Sustainability Commitments: Being Accountable and How to Avoid Greenwashing
December 16, 2022
What is greenwashing?
Companies across all sectors and sizes are making commitments to reduce their environmental impact to support the transition towards a low-carbon economy. These commitments address key climate change areas such as greenhouse gas (GHG) emissions, energy efficiency, waste reduction and diversion, biodiversity, and water conservation. However, how can organizations ‘walk the walk’ and take actionable steps towards these commitments and avoid what we’re commonly seeing as ‘greenwashing’?
Greenwashing is the representation of false ideas or providing misleading information about a product, company, service, reporting, and/or statements. It is typically referred to in the context of a product or company marketing themselves as eco-friendly to deceive consumers into thinking that it is sustainable.
How can you avoid greenwashing?
You can’t reduce what you don’t measure. This is especially true when it comes to your organization’s emissions. Measuring and tracking scopes 1, 2 and 3 sources of GHGs such as heating and cooling, energy consumption, business travel, employee commuting, product shipping, and paper usage (to name a few) will give you an understanding of where and what to commit to.
From there, make an action plan to identify feasible short and long term projects that will reduce your impact. Being transparent about your reduction targets will help keep you accountable and also engage your stakeholders with your sustainability journey!
Green Economy London supports businesses to track and reduce GHG emissions by collecting and analyzing consumption data to give you a breakdown of emissions sources year after year, establishing baseline data and then setting reduction targets and monitoring progress. As well as identifying funding to implement these projects. We want your business to achieve sustainability targets and reduce emissions just as much as you do, so we encourage, celebrate and recognize progress and successes.
The GHG Protocol:
Green Economy London follows guidance from the GHG Protocol Corporate Standard by the World Business Institute when creating GHG inventory reports as it represents the best practice of reporting. As stated in the Standard, corporate GHG inventories can:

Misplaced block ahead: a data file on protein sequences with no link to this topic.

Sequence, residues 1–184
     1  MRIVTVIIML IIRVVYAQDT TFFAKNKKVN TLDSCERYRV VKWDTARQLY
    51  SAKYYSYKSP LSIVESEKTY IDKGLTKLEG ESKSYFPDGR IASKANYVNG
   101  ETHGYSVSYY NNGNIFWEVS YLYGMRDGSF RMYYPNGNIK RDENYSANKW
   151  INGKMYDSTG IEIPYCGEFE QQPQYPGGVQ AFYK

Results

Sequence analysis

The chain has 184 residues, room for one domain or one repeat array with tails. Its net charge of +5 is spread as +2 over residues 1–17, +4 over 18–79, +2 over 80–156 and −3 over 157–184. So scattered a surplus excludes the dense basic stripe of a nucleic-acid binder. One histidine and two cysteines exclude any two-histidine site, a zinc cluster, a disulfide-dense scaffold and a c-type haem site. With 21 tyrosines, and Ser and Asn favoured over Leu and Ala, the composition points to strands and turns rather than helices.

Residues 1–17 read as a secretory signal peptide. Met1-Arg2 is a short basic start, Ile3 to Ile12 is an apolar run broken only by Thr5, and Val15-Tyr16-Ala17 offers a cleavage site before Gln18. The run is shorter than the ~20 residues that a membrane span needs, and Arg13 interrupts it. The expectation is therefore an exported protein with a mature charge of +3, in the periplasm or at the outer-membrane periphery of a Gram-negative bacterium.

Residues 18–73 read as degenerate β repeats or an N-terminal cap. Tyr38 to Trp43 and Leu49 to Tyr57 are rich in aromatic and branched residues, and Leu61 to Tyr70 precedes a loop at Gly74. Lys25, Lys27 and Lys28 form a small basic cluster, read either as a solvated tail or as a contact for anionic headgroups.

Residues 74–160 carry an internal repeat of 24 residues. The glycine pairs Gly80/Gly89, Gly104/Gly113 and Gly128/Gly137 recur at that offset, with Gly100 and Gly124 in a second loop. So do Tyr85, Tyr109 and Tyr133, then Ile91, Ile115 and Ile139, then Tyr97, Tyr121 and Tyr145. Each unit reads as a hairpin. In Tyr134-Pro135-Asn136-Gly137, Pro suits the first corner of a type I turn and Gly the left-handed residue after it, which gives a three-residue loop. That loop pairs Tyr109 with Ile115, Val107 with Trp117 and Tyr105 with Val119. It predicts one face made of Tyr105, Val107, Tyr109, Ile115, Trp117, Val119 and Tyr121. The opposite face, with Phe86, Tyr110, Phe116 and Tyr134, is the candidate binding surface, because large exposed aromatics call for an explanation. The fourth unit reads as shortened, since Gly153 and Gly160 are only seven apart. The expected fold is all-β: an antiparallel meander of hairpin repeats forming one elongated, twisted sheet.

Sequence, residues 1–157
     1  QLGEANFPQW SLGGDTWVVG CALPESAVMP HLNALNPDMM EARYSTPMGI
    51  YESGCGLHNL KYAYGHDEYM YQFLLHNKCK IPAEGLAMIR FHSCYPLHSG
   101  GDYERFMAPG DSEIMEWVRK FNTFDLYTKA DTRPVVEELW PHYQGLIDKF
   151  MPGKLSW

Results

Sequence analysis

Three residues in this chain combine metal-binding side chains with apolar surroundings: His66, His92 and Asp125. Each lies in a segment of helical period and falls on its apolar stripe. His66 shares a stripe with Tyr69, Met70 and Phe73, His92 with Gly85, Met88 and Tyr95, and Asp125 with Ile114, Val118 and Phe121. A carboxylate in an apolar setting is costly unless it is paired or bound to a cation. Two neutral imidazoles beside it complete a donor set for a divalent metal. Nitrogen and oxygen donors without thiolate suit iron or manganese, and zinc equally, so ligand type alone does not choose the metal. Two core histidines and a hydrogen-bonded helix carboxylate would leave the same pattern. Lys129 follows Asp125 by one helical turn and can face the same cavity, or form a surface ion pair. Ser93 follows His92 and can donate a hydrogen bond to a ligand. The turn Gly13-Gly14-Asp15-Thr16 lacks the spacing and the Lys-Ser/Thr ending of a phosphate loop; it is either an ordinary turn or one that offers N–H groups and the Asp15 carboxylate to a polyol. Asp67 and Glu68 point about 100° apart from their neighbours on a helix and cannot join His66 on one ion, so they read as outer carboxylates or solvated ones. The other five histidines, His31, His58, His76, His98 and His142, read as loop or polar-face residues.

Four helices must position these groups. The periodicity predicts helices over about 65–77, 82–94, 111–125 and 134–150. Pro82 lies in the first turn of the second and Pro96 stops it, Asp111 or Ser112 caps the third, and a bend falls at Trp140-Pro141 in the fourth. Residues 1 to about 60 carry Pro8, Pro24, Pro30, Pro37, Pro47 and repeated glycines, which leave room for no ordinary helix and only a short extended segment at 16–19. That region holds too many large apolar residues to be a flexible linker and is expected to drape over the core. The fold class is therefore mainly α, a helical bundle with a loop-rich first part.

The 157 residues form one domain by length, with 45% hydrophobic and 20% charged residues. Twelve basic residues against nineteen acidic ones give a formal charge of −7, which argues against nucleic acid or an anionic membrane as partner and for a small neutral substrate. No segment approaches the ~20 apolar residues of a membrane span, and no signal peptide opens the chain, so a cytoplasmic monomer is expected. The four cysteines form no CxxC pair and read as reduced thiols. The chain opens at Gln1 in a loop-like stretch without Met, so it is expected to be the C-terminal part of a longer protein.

- Manage GHG risks and identifying reduction opportunities;
- Public reporting and participation in voluntary GHG programs;
- Participating in mandatory reporting programs;
- Participating in GHG markets;
- Recognition for early voluntary action.
Following a standard like the GHG Protocol Corporate Standard can ensure greenwashing does not happen during the reporting of emissions as it is based on set principles. The principles are the following:
- Relevance: report appropriately reflects the emissions of the company and serves both internal and external stakeholders.
- Completeness: reports all emissions sources and activities in the select boundary and disclosure of exclusions.
- Consistency: Using the same methodologies allows for meaningful comparisons of data over time and documenting any changes to the methods
- Transparency: Disclosing any relevant assumptions to the accounting and calculation methods and data sources.
- Accuracy: Quantification of the emissions is systematic and not above or under actual emissions and users can make decisions with assurance of integrity of the reported information.
Additional reading for avoiding greenwashing in your net-zero targets:
The United Nations’ High-Level Expert Group on the Net Zero Emissions Commitments of Non-State Entities presented their paper titled ‘Integrity Matters: Net Zero Commitments by Businesses, Financial Institutions, Cities and Regions’ in November 2022.
The expert group states there should be zero tolerance for greenwashing where the public is being misled to believe an entity is doing more to protect the environment than it actually is and setting weak net-zero pledges. It is made clear throughout that long-term and short-term science-based targets that have immediate emissions reductions are required. It explains that in order to prevent greenwashing on climate accounting, organizations and businesses need to report their progress on their targets so that it can be verified and compared.
Join the network of businesses that are driving the transition to a low-carbon economy and reach out email@example.com to learn more about how we can help your business measure and report on your targets, and achieve sustainability goals.
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